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After history and physical examination, the clinician is often left with a short differential diagnosis that must be further narrowed before appropriate treatment can begin. This almost always means that additional radiographic and or laboratory tests must be performed in order to confirm or discard a suspected diagnosis. In fact, even the questions asked of patients during the history and physical exam are all informal diagnostic tests in themselves. How likely is the patient to have a mass if you don't feel one How likely is the patient with recurrent biliary colic and normal transaminases to have a common bile duct stone, and should they have an ERCP before their cholecystectomy How confident can you be that your patient with a normal barium enema does not have polyps or cancer What if they had had a negative sigmoidoscopy as well The interpretation of the literature studying these tests and the translation of that information into a form that is easily applicable to a clinical...
Common constitutional symptoms referable to the GI tract include dysphagia, odynophagia, vomiting, abdominal pain (which may be focal or generalized), colic, constipation obstipation, diarrhea and GI bleeding, with or without anemia. Non-specific symptoms of anorexia, fatigue and wasting may also be observed. Individuals with chronic hyper-chloremic metabolic acidosis resulting from excess GI bicarbonate loss may present with obtundation
The mechanism by which the abnormalities of the fetal alcohol syndrome are produced is unknown, but it is thought to be due to a direct teratogenic effect. There is no general agreement regarding the limits of vulnerability of the fetus in terms of gestational age. To date, this syndrome has been described only in children of mothers who drank alcohol frequently during their pregnancy. Fetal alcohol syndrome results in low birth weight and small head circumference. Cranial and joint deformities are common, and the children feed poorly and are colicky and tremulous. The infant mortality rate associated with this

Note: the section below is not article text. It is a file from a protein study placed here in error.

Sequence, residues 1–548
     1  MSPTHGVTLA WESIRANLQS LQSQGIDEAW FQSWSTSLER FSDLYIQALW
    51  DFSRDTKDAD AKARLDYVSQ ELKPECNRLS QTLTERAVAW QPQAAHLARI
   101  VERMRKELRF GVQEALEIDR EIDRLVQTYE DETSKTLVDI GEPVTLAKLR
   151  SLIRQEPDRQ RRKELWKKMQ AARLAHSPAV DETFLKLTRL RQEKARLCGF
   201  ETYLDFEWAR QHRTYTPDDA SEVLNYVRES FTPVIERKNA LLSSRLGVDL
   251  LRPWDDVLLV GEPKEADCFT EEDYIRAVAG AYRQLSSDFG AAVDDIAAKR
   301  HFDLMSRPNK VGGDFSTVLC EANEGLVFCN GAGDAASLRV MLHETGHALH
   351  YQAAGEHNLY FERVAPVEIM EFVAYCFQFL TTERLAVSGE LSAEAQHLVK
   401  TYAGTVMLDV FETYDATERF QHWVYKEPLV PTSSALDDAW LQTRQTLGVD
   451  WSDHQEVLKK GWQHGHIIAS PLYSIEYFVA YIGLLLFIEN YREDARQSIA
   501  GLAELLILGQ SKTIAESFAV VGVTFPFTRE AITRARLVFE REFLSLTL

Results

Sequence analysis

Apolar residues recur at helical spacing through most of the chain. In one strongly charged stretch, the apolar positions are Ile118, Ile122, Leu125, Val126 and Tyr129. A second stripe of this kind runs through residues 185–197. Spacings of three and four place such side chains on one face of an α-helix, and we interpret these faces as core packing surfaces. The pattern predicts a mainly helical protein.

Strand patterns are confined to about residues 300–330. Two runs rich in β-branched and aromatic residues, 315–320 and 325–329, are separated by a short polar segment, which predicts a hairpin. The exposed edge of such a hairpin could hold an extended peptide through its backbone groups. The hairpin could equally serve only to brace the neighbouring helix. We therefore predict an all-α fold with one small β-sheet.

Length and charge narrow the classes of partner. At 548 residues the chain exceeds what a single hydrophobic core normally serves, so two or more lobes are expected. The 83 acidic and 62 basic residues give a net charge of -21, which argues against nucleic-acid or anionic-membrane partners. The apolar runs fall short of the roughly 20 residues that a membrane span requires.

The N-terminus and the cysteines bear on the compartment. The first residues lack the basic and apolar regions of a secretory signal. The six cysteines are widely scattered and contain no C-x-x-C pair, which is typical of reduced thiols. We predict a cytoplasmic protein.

N. risticii circulates in monocytes and has a predilection for the mucosa of the cecum and large colon. Most infections are subclinical and when signs appear they are very inconsistent, including combinations of fever, depression, anorexia, colic, and ileus. Diarrhea occurs in under 60 of horses and laminitis in up to 40 of cases (54). The mortality rate can reach 30 signs in horses that survive without treatment usually resolve over 5 to 10 days. Organisms are seldom seen in blood smears, serology is unreliable, and diagnosis is best based on PCR detection of organisms (54).
The feeding arteries are ligated as close as possible to their sites of origin. For a cancer of the right colon, the right colic, ileocolic and right branch of the middle colic vessels are ligated and divided close to their origins and the proximal colon is then resected. For cancers of the left colon, the inferior mesenteric and ascending left colic vessels are ligated and a left hemicolectomy is performed. Intestinal continuity is restored by anastomosis using sutures or staples.
Care to avoid injury to middle colic vessels. Detachment of the omentum from the transverse colon will provide sufficient length to reach nipple level in 75 of patients. The precise plane of dissection between the omentum and epiploic appendices of the colon is often unclear. The epiploic appendices should be left attached to the colon to minimize bleeding. The omental pedicle thus established often reaches the desired point in the thorax.
Figure 12-8 Cholecystostomy tube placement and percutaneous gallstone removal. A, Scout view of the abdomen demonstrates a cholecystostomy tube with a retention pigtail in the gallbladder fundus. The tube was placed in preparation for gallstone removal in a patient with severe chronic obstructive pulmonary disease and a long-standing history of colicky upper abdominal pain and fatty food intolerance. B, Contrast injection through the tube demonstrates a large, solitary gallstone (S) in the gallbladder lumen. The cystic duct (C) and common bile duct (CBD) are patent. C, A spot film performed during the stone removal procedure demonstrates a flexible choledochoscope (large arrow) with its tip in the gallbladder lumen. The percutaneous tract was dilated to 18 French to permit introduction of the scope, which was advanced through a sheath. A safety guidewire (smallarrow) is adjacent to the scope. D, This cholangiogram performed 1 week after the stone removal procedure demonstrates that...